Sochi Problems

In the lead-up to the Sochi Olympics there have been a large amount of complaints made about a few areas of Sochi’s preparations for the Olympics [1]. Depending on which sort of news you consider the most important, there is a wide variety of bad press about terrorist threats, cost overruns, as well as Russia’s law against homosexual propaganda. Although I tend not to comment at too much length on social issues on this blog entry, I have to comment that while the American press has been pretty savage about laws against gay propaganda, but we happen to live in a county here where there is a lot of gay propaganda, so I do not feel I can be too critical about Russia for being concerned about it [2]. It is a bit embarrassing to admit that in this area, Russia, even though it is a corrupt nation in many ways, is less morally corrupt as a nation than my own. It’s not a pleasant thing to admit, but it’s the truth.

Having been at least a casual fan not only of the sporting event of the Olympics but its larger social and economic ramifications, there are generally three states that an Olympics goes through. First is the preparation. During this particular time there are some pretty standard complaints that a city will get. For one, most Olympic cities have some serious flaws. Sometimes a city is too remote or too small. Sometimes a city has to do a lot of construction in order to get the Olympic venues done. Sometimes a city has too much traffic. Sometimes a city has older venues that aren’t new and exciting. Whatever a host city does, there will be criticism for what it does or doesn’t do from a very critical international press. This includes the politics of the host nation, which often desires the Olympics for its own selfish reasons, as is entirely to be expected. As in basically every single Olympics in recent memory, the approach to the Sochi Olympics has had a lot of negativity, which says more about ourselves than it does about the place itself.

Once the games start, as is the case now, the narrative changes from negativity about the host city/country to an enjoyment of the narrative of the actual games themselves. There will be heroic underdogs to cheer on, such as Jamaica’s bobsled team or a Samoan athlete representing a decidedly nontraditional winter sports nation. There will be athletes and teams that dominate sports and provide their countries with something to cheer. The Nordic countries will probably win a lot of events that involve shooting and walking on snowshoes. Canada will probably do well in curling. Some attractive teenager will probably capture people’s hearts by doing well in women’s figure skating. Americans will probably win a lot of the Snowboarding events. None of that will be a surprise to anyone who remembers previous years, but the narrative will change to a positive one that focuses on the athletes and their stories and their triumphs. All of this is to be expected, and appreciated if one is of the mindset to do so.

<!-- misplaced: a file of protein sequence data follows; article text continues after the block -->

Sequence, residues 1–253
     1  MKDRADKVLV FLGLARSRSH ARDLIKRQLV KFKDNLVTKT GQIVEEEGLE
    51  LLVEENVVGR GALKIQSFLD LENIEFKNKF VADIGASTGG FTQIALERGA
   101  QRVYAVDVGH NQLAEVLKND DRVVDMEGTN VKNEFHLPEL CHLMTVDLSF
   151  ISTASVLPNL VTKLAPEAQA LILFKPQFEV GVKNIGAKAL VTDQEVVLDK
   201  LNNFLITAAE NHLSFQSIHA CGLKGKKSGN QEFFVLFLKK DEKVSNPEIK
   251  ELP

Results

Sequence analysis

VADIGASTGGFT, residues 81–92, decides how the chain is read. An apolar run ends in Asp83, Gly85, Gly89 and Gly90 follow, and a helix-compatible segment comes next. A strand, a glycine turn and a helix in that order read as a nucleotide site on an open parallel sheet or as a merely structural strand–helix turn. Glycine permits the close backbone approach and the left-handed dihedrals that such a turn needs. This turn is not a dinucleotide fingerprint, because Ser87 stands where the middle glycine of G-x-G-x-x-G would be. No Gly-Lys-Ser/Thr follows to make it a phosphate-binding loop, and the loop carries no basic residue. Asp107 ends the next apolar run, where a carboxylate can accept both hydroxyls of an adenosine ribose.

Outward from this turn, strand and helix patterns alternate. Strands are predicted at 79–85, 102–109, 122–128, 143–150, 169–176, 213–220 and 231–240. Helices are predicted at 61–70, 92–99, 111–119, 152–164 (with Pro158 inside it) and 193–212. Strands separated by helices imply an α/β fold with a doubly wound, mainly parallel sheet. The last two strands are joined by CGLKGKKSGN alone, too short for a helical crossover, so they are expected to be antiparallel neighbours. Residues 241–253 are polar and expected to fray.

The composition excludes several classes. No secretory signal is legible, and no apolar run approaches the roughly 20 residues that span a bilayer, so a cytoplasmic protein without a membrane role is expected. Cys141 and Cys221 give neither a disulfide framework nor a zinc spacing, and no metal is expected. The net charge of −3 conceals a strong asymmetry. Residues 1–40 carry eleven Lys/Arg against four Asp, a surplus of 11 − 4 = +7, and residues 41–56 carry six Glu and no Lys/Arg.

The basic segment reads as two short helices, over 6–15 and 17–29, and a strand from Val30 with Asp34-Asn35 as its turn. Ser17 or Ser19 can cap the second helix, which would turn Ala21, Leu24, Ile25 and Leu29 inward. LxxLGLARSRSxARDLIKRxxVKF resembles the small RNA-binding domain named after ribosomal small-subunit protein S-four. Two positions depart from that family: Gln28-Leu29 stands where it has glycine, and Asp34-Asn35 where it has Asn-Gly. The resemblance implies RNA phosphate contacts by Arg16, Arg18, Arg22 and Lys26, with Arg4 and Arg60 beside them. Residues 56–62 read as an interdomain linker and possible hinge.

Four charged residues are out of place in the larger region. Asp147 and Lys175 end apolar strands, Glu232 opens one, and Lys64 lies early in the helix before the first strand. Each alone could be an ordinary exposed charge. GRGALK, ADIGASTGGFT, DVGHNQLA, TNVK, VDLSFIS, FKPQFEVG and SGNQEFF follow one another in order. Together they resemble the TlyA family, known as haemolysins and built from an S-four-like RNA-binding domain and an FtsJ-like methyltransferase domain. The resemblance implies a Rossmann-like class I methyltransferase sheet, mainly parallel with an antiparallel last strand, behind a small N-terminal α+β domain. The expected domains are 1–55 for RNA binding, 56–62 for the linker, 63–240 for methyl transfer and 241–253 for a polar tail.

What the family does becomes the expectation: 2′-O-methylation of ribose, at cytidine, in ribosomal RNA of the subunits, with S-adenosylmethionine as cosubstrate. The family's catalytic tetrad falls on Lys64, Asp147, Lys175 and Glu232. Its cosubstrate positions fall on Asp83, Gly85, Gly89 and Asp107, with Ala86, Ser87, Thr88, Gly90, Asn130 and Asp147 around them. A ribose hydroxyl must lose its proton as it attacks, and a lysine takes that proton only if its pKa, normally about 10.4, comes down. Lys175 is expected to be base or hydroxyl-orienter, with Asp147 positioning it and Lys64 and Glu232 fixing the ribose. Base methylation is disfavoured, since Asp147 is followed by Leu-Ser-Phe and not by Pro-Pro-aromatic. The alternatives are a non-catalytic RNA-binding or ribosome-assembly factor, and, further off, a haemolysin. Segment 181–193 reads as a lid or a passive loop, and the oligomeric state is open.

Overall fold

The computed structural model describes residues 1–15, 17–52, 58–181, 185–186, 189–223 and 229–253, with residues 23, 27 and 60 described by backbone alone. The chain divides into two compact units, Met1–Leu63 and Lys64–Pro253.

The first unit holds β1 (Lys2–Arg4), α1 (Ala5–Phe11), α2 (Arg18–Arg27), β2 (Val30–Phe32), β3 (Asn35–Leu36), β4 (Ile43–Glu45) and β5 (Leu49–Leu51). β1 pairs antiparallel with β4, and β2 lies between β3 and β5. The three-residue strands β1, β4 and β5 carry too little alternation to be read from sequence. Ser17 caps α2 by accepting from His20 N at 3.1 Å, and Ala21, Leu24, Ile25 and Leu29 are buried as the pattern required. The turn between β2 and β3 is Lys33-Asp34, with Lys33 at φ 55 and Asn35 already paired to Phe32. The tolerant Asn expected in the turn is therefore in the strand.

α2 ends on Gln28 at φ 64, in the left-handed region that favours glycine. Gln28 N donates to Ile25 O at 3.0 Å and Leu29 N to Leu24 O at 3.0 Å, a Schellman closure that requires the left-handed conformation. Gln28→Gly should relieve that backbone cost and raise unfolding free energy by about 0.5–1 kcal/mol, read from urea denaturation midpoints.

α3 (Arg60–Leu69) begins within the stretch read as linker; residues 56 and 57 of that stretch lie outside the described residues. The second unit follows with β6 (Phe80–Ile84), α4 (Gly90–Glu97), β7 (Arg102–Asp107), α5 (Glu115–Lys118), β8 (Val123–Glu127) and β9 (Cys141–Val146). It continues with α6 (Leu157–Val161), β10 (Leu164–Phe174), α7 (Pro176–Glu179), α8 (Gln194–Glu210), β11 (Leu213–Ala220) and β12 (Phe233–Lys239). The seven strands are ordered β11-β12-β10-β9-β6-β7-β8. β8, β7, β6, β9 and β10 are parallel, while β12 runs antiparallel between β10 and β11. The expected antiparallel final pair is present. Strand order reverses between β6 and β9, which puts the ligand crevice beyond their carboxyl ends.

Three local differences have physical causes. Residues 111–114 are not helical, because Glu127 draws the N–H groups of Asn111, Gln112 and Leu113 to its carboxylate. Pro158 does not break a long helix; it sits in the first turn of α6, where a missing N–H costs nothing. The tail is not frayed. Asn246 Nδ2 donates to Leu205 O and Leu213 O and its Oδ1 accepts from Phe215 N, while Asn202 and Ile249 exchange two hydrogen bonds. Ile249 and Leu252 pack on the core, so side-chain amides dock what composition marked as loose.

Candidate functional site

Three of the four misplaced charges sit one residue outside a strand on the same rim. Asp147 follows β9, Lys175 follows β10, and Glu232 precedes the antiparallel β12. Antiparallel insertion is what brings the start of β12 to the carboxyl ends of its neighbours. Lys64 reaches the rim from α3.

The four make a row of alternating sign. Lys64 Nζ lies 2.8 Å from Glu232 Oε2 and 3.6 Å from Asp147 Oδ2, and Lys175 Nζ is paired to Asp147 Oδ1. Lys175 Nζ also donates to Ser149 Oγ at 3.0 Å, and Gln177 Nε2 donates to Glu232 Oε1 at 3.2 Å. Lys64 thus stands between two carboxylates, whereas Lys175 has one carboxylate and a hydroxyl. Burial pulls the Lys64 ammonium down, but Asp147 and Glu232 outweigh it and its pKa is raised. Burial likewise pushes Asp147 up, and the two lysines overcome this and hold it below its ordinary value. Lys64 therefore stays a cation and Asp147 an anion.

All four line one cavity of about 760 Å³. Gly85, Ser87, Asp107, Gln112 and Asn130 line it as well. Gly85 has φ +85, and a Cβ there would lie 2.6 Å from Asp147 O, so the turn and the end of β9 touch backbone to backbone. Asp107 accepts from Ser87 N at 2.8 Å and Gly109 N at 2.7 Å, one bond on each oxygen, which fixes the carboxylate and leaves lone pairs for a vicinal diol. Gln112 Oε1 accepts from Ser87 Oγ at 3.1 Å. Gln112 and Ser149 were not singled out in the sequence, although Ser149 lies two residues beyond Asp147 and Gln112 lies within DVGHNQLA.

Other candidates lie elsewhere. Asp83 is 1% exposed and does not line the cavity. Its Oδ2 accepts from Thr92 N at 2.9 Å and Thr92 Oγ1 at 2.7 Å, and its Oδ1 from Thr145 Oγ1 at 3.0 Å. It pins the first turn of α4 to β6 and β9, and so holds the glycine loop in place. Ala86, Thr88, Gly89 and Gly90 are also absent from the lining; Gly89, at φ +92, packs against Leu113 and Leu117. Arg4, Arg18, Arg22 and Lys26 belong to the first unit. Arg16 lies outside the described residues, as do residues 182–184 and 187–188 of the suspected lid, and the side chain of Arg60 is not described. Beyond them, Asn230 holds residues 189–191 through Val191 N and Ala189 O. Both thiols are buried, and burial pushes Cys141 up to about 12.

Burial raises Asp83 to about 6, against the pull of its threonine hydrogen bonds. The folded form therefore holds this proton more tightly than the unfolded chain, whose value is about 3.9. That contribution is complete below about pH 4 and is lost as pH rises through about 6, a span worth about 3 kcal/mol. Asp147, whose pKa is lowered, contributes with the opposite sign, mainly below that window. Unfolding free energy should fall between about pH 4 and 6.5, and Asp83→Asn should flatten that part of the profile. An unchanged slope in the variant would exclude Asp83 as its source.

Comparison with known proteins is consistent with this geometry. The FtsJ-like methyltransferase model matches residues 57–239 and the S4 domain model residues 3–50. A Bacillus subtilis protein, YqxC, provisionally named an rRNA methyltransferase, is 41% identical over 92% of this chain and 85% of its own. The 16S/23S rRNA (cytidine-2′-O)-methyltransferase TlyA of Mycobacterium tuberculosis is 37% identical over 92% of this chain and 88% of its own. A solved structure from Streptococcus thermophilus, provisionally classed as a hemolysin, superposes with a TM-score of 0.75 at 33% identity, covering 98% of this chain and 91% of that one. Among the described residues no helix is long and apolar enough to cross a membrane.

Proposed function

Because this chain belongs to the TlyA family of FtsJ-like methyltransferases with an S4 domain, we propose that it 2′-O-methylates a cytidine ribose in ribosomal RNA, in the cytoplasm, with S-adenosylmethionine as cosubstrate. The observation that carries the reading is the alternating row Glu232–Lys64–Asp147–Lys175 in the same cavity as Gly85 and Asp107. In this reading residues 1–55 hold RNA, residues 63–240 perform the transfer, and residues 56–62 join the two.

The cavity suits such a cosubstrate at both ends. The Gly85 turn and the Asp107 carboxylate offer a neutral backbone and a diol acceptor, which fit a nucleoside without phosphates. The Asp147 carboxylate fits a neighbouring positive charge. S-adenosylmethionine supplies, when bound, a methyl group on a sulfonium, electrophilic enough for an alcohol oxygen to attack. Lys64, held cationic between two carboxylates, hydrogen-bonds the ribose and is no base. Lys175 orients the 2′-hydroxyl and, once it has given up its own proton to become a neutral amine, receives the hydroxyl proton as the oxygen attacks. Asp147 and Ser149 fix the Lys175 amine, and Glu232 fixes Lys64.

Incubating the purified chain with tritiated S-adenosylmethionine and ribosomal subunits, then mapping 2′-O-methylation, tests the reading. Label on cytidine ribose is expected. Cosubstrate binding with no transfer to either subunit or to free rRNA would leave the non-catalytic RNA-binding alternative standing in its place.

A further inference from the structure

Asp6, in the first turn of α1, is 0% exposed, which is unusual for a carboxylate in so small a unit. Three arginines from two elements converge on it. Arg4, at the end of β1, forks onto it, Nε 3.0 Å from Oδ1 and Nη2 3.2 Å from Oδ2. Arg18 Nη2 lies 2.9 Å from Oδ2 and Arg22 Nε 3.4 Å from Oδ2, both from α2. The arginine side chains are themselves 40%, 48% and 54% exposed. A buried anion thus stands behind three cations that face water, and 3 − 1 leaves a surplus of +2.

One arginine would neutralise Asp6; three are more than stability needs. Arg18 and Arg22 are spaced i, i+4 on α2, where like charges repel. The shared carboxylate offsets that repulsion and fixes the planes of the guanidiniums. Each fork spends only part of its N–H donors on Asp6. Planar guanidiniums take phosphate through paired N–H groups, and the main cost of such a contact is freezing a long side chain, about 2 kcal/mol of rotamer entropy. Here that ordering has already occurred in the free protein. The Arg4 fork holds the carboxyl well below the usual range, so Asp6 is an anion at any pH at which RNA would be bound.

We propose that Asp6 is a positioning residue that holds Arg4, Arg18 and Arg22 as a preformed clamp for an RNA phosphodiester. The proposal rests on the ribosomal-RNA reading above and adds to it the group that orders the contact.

It is after the Olympics are done and Sochi returns to a quiet Russian resort best known for the fact that it was Stalin’s favorite vacation spot [3] that the true worth of this particular Olympics for Russia and for the town will be seen. After the tourists and reporters are gone and the residents who were kicked out of their homes can return to their city [4], after there is no more attention paid to deathtrap elevators and double restrooms and poorly constructed and unfinished hotels [5], there will still be a town in Sochi. There will also be contractors to be paid, debts to be serviced, and athletes who hopefully have a fonder memory of the events that they participated in than the infections they got from bad water that looked like Nathan’s sweet tea, minus the raw cane sugar. Will the aftermath of the Olympics be tidy and profitable like Los Angeles in 1984, or will they leave a debt-ridden ghost town like Athens of 2004? My guess is closer to the latter than the former, but time will tell. Even if this world loves snap judgments, much about our world must be judged after the fact, once the results can be seen. The same will be the case for Sochi.


[2] See, for example, within the past week:




About nathanalbright

I'm a person with diverse interests who loves to read. If you want to know something about me, just ask.
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6 Responses to Sochi Problems

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